On the outskirts, there are rival supermarkets and rival drugstores, competing video shops and pizza palaces, even an outlet shopping mall, but the heart of old downtown Truckee always seems to stay the same. It’s down home, laid back, a little naughty, rough hewn.
And trendy, of course.
It seems tourists “discover” this High Sierra frontier town every day, for its proximity to the ski resorts in the winter and its hiking, mountain biking and fishing during the thaw. The eating and drinking are pretty good all year round. Oh, and the gambling tables of Reno are only about 45 minutes away.
Yet this is not to give anybody the wrong idea. Truckee, so often prefaced with the word historic that outsiders might think it part of its name, is not Aspen, or even Telluride or anything close. Its 10,000 year-round residents are generally a rugged and proud bunch. “Truckee Local,” some car license plate holders boast.
My husband, two daughters and I discovered Truckee a few years back when my parents bought a cabin on Serene Lakes, about a 15-minute ride over the Donner Summit. So just like all the other tourists who have come before us, we have claimed Truckee as our own. There are no dress codes. Strangers talk to each other, nicely. Even at the finest restaurants, our children are welcomed with crayons and smiles.
(To get to Truckee, we usually fly into Sacramento and drive east from there. If we had to rent a car--my parents lend us one--we would probably fly into Reno, as it would cut the highway time in half.)
Until recently, however, we had no idea about the hotels. So after a stay at my parents’ cabin, my husband, daughters (ages 3 and 7) and I checked into The Truckee Hotel for an April weekend. Truckee doesn’t have a lot in the way of accommodations, but rather than settle for what appeared to be the standard bed-and-nightstand-by-the-highway (i.e. the Super 8 Lodge off Interstate 80 or Best Western’s Truckee-Tahoe Inn by the small local airport) we went with charm.
This (historic) hotel used to be a stagecoach stop. It’s 120 years old, although the woman who took my reservation over the phone assured me that the bathrooms have been redone since. In fact, she said that by the end of last summer, the entire building had been completely restored. Although it used to house railroad workers and lumberjacks, The Truckee is now a nonsmoking hotel, and flouting of that rule will bring a $75 “deodorizing charge,” according to hotel literature. What the reservations taker didn’t tell me was that there are no phones or televisions in the rooms--or that there is no one to help drag luggage up the stairs (no elevators, either).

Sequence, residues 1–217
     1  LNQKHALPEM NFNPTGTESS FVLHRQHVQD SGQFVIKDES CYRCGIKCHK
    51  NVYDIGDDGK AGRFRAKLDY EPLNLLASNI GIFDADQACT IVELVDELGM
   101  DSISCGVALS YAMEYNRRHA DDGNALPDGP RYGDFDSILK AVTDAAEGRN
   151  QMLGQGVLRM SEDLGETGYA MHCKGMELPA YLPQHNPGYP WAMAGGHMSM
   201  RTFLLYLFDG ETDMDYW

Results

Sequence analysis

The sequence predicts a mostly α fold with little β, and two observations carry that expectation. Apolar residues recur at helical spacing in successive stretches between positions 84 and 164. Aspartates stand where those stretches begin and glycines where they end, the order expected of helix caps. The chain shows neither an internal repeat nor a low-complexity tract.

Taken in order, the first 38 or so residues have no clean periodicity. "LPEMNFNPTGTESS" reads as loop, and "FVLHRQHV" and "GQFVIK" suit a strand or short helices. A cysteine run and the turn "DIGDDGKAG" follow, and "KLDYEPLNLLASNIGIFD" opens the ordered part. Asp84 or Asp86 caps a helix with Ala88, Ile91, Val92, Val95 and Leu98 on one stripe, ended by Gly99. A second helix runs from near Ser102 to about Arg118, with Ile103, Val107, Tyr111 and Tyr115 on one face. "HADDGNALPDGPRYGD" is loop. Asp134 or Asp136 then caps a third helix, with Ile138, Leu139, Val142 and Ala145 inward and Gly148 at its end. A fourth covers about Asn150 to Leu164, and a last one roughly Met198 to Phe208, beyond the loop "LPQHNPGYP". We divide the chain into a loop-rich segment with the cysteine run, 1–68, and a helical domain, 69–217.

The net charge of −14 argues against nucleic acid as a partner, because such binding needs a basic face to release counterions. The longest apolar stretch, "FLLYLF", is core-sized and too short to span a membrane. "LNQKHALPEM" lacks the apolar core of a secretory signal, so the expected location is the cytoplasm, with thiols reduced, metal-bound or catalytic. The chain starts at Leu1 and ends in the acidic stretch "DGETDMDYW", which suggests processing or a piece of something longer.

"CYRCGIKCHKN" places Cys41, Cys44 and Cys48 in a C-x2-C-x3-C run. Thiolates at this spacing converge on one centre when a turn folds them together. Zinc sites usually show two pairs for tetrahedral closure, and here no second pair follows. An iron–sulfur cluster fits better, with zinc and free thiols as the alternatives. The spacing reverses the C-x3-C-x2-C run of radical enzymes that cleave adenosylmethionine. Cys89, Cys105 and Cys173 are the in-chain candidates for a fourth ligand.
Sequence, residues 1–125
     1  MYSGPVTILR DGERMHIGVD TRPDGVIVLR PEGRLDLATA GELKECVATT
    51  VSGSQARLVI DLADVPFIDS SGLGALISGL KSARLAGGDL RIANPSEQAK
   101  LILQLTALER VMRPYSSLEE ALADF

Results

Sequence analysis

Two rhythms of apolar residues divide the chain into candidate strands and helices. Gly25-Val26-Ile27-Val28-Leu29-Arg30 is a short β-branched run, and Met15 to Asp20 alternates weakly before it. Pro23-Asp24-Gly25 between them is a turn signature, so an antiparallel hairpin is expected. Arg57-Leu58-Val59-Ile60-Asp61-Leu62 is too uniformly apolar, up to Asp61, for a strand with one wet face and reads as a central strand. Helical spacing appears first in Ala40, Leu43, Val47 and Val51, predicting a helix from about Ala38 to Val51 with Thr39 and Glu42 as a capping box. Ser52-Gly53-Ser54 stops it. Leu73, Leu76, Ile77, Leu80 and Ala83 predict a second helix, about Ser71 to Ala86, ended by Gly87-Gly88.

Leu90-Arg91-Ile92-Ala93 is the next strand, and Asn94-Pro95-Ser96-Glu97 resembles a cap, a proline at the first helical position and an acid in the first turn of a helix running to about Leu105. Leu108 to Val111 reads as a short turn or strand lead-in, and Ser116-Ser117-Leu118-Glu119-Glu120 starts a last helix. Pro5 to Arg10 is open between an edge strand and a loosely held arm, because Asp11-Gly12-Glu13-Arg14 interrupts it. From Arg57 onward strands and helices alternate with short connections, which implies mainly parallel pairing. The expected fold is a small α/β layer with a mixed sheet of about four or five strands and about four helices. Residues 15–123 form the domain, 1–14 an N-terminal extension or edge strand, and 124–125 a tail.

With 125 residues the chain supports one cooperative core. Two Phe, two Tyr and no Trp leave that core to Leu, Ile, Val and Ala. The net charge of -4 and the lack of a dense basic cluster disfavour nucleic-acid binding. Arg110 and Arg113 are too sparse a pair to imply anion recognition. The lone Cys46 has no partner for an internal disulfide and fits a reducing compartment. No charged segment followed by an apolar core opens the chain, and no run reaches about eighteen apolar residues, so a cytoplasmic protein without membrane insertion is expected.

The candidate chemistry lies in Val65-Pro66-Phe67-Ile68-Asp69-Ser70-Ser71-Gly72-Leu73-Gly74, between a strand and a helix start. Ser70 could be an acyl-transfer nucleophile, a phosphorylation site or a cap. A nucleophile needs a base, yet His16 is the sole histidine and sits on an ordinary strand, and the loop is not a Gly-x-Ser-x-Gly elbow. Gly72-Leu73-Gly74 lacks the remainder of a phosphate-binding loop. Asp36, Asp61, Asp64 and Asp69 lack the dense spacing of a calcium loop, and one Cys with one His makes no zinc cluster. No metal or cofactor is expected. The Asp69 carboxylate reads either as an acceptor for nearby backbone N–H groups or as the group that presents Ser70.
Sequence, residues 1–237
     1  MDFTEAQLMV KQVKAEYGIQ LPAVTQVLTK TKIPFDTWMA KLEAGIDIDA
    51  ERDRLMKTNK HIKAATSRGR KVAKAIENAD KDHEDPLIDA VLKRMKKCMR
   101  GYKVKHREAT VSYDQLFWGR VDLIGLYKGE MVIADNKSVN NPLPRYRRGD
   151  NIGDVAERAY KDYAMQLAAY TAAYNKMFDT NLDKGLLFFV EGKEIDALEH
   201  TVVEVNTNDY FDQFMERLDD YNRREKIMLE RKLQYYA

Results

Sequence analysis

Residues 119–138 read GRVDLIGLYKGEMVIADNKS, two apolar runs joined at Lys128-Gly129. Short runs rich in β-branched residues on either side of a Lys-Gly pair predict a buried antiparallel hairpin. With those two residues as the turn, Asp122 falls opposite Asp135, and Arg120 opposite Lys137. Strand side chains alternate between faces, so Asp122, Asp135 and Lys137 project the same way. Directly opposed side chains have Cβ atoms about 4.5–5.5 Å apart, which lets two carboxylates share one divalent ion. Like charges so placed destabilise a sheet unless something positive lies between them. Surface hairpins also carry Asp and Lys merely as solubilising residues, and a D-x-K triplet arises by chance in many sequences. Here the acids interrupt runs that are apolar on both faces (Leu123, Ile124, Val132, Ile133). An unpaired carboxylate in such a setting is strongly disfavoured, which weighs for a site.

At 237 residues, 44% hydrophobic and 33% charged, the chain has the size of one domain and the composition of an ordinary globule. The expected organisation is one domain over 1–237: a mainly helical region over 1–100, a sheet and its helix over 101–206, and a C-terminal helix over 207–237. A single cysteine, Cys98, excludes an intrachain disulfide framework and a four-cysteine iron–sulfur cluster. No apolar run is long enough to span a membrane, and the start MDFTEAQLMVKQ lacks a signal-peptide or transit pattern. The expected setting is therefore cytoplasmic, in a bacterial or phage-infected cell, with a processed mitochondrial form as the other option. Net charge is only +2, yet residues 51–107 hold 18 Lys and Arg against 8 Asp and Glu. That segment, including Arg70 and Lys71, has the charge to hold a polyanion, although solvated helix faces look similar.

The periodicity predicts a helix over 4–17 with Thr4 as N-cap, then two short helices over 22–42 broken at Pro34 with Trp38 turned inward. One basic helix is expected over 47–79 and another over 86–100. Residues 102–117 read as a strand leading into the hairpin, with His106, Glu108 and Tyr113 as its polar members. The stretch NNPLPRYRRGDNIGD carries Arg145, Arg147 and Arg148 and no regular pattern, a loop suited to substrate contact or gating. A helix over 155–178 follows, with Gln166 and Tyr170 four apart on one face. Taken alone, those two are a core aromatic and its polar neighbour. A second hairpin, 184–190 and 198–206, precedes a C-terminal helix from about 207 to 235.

The rooms, however, have a light, feminine feel to them, with floral quilts on the beds, linen and lace doilies atop the antique chests and walls painted powder blue. Ours were certainly comfortable if a bit spare. Another unexpected touch: In the basket with the sample-sized shampoo and mouthwash were two sets of disposable earplugs. The card attached to them read, “Since we’re in the heart of the historic railroad town of Truckee, you might hear the rumble and whistle of one of our trains.”
The hotel has four slightly sloping floors of 37 rooms, only eight of which have private baths. Guests in the other rooms--all with a sink in the corner--use a common one down the hall. Since my days of dorm living are well behind me, I asked for one with a private bath. There turned out to be a slight problem with this. While there were rooms with two double beds (the plan: grown-ups in one, children in the other), none had baths. The solution was two adjoining rooms, each with a single queen-sized bed. Ours had a bath--with an appropriately claw-footed bathtub--and the kids’ did not.
This also meant we spent more money than we had planned. Our room was $95 a night, and theirs, $65, and we were asked to settle the bill when we checked in Saturday afternoon.